03/17/2006 12:00AM

Out of harm's way

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John Engelhardt
Ex-jockey Tony D'Amico won 3,044 races in his career. He now runs his own lawn care business in Kentucky.

FLORENCE, Ky. - When Pat Day, Gary Stevens, and Jerry Bailey retired in recent months, they were given the proverbial red-carpet treatment on the way out. For Hall of Fame jockeys with truly legendary accomplishments, such lavish send-offs were only to be expected.

Conversely, the retirement of Tony D'Amico came with no front-page headlines or press conferences. It did come, however, in a hospital bed, where D'Amico spent two weeks in November 2004 following the last of countless spills in his 30-year riding career.

"I was in intensive care for 11 days, 14 in the hospital," said D'Amico.

He's fine now - if "fine" means being able to live and work relatively pain-free with 36 titanium screws permanently implanted in your rib cage. D'Amico, who turned 50 last July, runs his own one-man lawn care business in northern Kentucky, where his career as a jockey brought him from Cleveland nearly 20 years ago.

With the peak of the Turfway Park racing season coming next Saturday with the 35th running of the Lane's End Stakes, D'Amico cannot avoid hearing or seeing news about the racing business. He is philosophical and somewhat wistful about no longer being part of racing, but the bottom line is he is thankful to be ambulatory. Besides all the hardware in his chest, he also has about seven screws implanted in his scapula, or shoulder blade, along with plates and screws fusing together his second through seventh vertebrae.

"I outlived the odds," he said recently when he visited Turfway. "I do miss the camaraderie around the jocks' room, but I don't miss fighting the daily routine. And I sure don't miss laying in the hospital."

When D'Amico suffered multiple injuries, most notably broken ribs, in the last race at Churchill Downs on Nov. 3, 2004, he had 3,044 wins. "I just wish I could have chose my own time to go. I never really got any closure on my career."

Many of D'Amico's finest career moments came at Turfway, where he won 35 stakes, second only to Day's 37. He won four riding titles at Turfway, eight at Thistledown, and at least one each at Ellis Park, River Downs, and Beulah Park. Perhaps his career peak spanned several months from 2001 to 2002, when he rode a pair of Ken McPeek-trained 2-year-olds, Repent and Take Charge Lady, to important victories in Kentucky, including the Grade 1 Ashland in 2002 with Take Charge Lady. The McPeek horses were regarded as top contenders for the Kentucky Derby and Oaks, respectively, but D'Amico ultimately was taken off both horses in favor of A-list jockeys.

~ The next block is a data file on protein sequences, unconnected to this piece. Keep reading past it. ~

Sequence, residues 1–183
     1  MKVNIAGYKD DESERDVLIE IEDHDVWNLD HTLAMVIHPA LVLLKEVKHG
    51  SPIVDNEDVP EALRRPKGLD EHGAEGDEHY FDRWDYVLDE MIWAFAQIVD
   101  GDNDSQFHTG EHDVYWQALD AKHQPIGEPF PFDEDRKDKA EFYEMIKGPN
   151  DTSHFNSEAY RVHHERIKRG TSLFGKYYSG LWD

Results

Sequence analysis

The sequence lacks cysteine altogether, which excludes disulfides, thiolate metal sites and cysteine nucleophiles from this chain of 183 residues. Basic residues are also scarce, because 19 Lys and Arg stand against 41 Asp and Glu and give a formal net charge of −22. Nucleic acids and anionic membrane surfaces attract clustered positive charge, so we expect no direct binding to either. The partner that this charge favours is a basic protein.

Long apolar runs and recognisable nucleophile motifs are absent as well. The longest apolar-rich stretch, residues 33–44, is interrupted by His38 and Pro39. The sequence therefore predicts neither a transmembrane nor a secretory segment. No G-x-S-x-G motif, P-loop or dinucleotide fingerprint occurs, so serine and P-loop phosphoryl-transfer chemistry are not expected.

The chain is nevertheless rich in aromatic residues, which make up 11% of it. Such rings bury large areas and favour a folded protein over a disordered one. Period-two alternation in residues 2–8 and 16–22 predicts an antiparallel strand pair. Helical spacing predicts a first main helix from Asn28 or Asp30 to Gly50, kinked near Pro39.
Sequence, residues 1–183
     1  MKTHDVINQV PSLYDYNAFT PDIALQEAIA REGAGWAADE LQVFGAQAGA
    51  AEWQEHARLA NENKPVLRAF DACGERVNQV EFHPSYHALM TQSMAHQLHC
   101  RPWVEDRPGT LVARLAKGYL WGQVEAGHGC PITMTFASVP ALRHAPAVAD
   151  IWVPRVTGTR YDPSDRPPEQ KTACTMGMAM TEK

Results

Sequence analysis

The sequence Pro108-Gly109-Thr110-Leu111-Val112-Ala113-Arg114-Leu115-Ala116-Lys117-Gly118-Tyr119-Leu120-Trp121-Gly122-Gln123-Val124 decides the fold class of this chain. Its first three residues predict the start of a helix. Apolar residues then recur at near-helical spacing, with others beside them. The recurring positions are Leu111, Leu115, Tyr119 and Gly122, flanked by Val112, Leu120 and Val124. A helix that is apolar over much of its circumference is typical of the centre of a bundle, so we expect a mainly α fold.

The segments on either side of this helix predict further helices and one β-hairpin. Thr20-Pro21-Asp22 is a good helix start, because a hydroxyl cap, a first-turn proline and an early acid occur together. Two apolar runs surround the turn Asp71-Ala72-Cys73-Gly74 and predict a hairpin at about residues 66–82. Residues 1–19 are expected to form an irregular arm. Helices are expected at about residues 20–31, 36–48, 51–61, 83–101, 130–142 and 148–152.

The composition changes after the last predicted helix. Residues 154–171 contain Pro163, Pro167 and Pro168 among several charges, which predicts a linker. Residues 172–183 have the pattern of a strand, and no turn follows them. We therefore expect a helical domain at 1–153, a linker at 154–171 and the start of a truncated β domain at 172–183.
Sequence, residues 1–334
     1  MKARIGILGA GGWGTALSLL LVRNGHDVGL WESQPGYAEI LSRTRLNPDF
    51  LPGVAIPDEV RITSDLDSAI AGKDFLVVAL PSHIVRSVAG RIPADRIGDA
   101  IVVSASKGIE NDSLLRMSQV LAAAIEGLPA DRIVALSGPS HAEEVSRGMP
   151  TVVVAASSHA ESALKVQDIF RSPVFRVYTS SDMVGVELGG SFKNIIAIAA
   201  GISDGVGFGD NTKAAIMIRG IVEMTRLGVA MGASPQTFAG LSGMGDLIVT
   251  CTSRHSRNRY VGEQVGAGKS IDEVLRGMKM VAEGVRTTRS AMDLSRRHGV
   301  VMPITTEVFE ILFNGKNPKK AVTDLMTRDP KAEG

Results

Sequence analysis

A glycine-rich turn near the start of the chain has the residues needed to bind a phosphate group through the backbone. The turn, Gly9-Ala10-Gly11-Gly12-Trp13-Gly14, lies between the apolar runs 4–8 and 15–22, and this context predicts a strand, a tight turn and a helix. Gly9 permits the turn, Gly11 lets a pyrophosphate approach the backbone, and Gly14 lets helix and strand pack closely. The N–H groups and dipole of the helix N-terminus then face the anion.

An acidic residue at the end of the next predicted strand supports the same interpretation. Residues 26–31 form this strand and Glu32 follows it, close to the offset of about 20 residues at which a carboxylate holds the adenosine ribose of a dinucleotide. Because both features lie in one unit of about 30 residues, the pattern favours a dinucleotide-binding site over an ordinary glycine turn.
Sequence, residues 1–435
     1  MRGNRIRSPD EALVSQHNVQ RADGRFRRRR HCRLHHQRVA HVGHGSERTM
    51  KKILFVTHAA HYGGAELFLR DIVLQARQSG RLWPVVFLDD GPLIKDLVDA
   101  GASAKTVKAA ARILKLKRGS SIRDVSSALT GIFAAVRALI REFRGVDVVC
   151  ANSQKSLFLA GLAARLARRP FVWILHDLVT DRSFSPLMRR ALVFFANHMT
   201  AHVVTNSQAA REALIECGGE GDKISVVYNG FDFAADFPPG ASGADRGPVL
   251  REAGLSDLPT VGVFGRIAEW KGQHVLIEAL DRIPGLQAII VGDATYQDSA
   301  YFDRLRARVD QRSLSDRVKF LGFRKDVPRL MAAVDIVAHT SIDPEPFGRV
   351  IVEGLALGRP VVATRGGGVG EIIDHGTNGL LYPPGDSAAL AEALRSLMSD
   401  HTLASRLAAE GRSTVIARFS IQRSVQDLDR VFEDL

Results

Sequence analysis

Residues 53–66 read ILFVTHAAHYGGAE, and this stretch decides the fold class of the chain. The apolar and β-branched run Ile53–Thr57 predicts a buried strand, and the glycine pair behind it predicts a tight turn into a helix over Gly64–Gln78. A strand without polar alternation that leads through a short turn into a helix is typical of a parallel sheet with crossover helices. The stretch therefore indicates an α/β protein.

"When I got fired off the good horses, it was like I was a nobody, and it did hurt," he said. "But at the same time, I understood. It's like people would say, if you've got one golf shot for $1 million, don't you want Tiger Woods to take it? I knew the way the game worked. I won my only Grade 1 on Take Charge Lady, so at least Kenny gave me the opportunity to begin with."

D'Amico said he has no interest in becoming a trainer or jockey agent and that he enjoys the solitude and invigoration of lawn work. He also is able to spend more time with his wife, Mindy, and 11-year-old son, Austin, than when he was riding.

"I had a wonderful career and I invested my money well, so I really have no complaints," he said. "I try to follow the Derby preps and stuff, but I'm pretty busy with everything else."

D'Amico laughs when he thinks about how his mode of transportation on grass has changed. Whereas he once rode horses traveling nearly 40 miles an hour on turf courses, he now glides along on his X-Mark riding mowers. "The mowers go fast enough," he said. "Believe me."

Silent Times adds to Lane's End

Turfway racing officials are expecting a sizable and contentious field of 3-year-olds for the Grade 2, $500,000 Lane's End, a race that could sport a bit of international intrigue.

Silent Times, a Group 2 winner in Europe last fall, was scheduled to be shipped this weekend into the quarantine facility at Keeneland after being flown overseas from England. Silent Times, trained by Eoghan O'Neill, would be making his first start since finishing in a dead heat for win in the Group 2 Champagne at Doncaster on Sept. 9.

Otherwise, the 1 1/8-mile Lane's End is expected to be headed by Strong Contender, the John Ward-trained colt who was highly impressive in a Feb. 12 allowance victory at Gulfstream Park. Other projected starters include Seaside Retreat, Simon Pure, Kings Challenge, Malameeze, Star Spangled Gator, and possibly the one-two finishers in the John Battaglia Memorial, Laity and Pair of Kings.

Turfway stakes coordinator Randy Wehrman said he also is hoping to get a Lane's End starter from Bob Baffert, Nick Zito, and/or Todd Pletcher. "We should know more early in the week," said Wehrman. "It should be a big field."

One of the four supporting stakes on the Lane's End undercard, the $100,000 Rushaway Stakes, also is for 3-year-olds. The 1 1/16-mile Rushaway is being considered as an alternative for several Lane's End possibilities, including Laity.